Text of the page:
Hey there, time traveller!
This article was published 21/5/2015 (2385 days ago), so information in it may no longer be current.
I like Steven Fletcher. Our brief encounters, typically in airports or the occasional public event, are always friendly and cordial.
It is hard not to admire him. Despite suffering from quadriplegia, he has found the strength to serve his country as a member of Parliament, at various times holding appointments as minister of state (democratic reform; transport), and currently as a member of the Treasury Board cabinet committee.
Now, Fletcher is focusing his energy on promoting physician-hastened death, and public opinion and legislative reform are starting to turn his way. In April, the Supreme Court of Canada overturned the prohibition against assisted suicide.
A recent Ipsos-Reid poll found nearly 70 per cent of Canadians support the availability of death-hastening alternatives for people living with significant disabilities that might impair their quality of life. In other words, Canadians find it inconceivable to imagine themselves confined to a body that even remotely approximates the one in which Fletcher lives.
I suspect Canadians are afraid of the abject vulnerability his life proves is possible.
For anyone wondering why physician-hastened death makes disabled people feel vulnerable, wonder no more.
While Fletcher argues death should sometimes trump disability, studies of people who become disabled from spinal injuries, head trauma or strokes offer a strikingly different perspective.
Just less than 10 per cent of these patients become suicidal. In his autobiography, What Do You Do If You Don't Die? Fletcher recounts suicidal thoughts that lingered long after his catastrophic accident.
Had doctor-assisted suicide been an option after his 1996 car accident, he says he would have considered checking out. Thankfully, it was not.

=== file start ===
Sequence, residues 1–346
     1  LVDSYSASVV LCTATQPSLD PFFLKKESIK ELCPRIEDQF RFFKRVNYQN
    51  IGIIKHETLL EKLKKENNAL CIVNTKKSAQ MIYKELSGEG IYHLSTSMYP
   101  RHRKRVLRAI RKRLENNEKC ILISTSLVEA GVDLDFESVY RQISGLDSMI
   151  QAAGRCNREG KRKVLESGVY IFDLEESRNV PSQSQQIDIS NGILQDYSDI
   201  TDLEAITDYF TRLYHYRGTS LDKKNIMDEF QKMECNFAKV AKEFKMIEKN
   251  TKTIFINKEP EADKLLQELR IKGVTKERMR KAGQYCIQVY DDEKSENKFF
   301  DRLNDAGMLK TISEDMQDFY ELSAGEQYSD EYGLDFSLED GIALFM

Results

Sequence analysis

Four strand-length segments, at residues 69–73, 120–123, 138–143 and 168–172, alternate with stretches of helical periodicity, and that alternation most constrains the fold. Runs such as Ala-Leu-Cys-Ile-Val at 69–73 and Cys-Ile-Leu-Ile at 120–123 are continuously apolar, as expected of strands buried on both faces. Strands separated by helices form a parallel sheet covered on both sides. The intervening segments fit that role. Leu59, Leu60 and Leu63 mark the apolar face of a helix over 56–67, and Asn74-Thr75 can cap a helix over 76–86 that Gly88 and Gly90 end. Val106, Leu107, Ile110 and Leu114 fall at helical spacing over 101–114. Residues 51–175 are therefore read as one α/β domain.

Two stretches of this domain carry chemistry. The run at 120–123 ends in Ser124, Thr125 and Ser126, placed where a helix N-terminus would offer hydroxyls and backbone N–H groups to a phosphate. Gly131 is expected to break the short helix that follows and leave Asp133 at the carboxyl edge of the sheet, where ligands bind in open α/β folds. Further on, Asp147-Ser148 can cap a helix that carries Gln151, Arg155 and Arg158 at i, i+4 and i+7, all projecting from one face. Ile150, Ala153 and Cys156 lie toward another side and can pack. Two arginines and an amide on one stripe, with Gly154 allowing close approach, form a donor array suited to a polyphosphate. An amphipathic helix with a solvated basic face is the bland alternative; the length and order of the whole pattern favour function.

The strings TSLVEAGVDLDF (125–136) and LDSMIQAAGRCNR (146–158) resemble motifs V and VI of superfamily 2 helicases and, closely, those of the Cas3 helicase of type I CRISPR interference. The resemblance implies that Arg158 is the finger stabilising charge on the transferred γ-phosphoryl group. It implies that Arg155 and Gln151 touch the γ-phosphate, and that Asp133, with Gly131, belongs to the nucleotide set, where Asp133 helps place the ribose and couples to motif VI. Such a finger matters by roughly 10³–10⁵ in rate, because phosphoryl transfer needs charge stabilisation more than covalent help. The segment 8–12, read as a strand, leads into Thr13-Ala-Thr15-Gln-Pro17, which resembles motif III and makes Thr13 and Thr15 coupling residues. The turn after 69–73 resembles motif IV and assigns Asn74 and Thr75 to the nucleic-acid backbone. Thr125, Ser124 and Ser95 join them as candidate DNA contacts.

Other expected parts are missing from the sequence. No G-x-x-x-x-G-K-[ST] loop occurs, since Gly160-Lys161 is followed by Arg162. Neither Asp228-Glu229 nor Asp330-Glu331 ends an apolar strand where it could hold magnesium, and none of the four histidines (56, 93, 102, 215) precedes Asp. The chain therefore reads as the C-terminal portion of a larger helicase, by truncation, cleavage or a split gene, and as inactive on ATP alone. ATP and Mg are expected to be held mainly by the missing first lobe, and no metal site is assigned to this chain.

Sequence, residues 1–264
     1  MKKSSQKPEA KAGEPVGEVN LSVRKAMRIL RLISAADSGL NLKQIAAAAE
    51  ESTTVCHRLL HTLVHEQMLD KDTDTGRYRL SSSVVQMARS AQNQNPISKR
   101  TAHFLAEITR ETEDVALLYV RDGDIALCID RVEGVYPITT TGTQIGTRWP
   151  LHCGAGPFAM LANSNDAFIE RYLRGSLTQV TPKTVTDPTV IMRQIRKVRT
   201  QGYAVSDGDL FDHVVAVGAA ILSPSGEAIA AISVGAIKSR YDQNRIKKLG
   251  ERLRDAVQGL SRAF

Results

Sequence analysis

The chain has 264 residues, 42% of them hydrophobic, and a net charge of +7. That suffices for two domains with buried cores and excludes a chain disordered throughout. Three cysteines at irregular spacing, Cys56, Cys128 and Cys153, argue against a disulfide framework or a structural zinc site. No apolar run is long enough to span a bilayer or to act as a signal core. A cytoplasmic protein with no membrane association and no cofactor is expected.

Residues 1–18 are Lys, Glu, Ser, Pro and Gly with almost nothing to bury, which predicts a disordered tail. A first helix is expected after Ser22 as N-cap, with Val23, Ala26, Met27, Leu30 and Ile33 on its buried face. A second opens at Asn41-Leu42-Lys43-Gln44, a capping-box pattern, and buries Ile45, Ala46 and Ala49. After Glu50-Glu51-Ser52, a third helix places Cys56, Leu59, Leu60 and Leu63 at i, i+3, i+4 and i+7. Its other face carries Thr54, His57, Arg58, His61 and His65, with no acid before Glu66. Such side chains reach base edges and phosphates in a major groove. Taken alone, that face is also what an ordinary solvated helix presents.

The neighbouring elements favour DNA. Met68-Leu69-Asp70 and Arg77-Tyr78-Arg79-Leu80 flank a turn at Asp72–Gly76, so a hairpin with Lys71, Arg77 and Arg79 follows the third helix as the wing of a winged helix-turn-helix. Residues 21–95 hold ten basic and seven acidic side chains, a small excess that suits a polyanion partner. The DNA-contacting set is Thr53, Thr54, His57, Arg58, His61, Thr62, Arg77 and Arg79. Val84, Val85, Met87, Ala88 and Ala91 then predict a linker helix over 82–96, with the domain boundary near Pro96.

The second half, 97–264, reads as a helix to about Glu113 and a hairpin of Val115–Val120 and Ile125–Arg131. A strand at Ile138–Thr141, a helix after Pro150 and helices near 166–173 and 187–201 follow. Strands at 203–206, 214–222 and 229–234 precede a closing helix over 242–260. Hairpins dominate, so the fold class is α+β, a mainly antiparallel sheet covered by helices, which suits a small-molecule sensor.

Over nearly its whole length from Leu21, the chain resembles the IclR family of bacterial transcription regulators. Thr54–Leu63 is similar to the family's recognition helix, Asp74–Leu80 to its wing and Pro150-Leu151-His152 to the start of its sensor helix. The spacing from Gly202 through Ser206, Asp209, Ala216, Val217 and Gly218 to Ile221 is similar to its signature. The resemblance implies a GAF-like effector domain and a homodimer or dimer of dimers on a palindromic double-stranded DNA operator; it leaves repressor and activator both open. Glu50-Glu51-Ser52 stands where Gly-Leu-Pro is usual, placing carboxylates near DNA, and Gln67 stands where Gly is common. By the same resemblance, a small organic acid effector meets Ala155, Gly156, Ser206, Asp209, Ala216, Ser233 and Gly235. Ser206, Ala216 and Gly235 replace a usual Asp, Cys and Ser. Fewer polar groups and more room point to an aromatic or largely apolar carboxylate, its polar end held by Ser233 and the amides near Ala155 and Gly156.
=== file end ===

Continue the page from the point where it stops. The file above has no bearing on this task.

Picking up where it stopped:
Those of us working in health care understand life-altering illness, trauma or anticipation of death can sometimes sap our will to live. In those instances, health-care providers are called upon to commit time -- time to manage distress, provide support and assuage fear that patients might be abandoned.
Arranging the patient's death has never been part of that response. In light of the decision by the Supreme Court, we must now contemplate Canada's future euthanologists. What professional designation will they require? What disciplines will they be drawn from? What training will they receive? What ethical and practice guidelines will they abide by? And what judicial oversight will they submit to?
Fletcher, ethicist Margaret Somerville and I spoke at a recent forum on euthanasia and assisted suicide. Fletcher said he did not want to die drowning in his phlegm and in pain. I assured him that, on behalf of Canada's palliative care community, we would not let that happen.
He said he did not want to be reliant on machines to keep him alive. I told him competent Canadians, under our current laws, are entitled to refuse or discontinue treatment, including life-sustaining measures. He described autonomy as a core Canadian value. I reminded him autonomy has its limits, particularly when it implicates the physician's role in response to suffering.
Fletcher says he has received supportive letters from across the country from people who fear what dying will look like. With too few Canadians having access to palliative care, it is little wonder people are afraid. Offering the option to have their physician end their lives feels akin to confronting homelessness by eliminating guardrails from bridges.
Fletcher feels safeguards, such as a 'cooling off' period to establish that a request to die is sincere, not coerced and sustained, are possible. If so many in your circumstance change their mind, I asked him, do we now require a two-year waiting period? His response was, "Maybe."
To be fair, perhaps Fletcher had not considered how asking physicians to stop time could undermine their most powerful response to suffering. His voice has become an important one in how we conceive of disability, death and dying and no doubt is one Canadians anxiously await to hear.
(Fletcher was provided the opportunity to respond to this editorial; he declined).
Harvey Max Chochinov is the director of the Manitoba Palliative Care Unit, CancerCare Manitoba, and distinguished professor, University of Manitoba.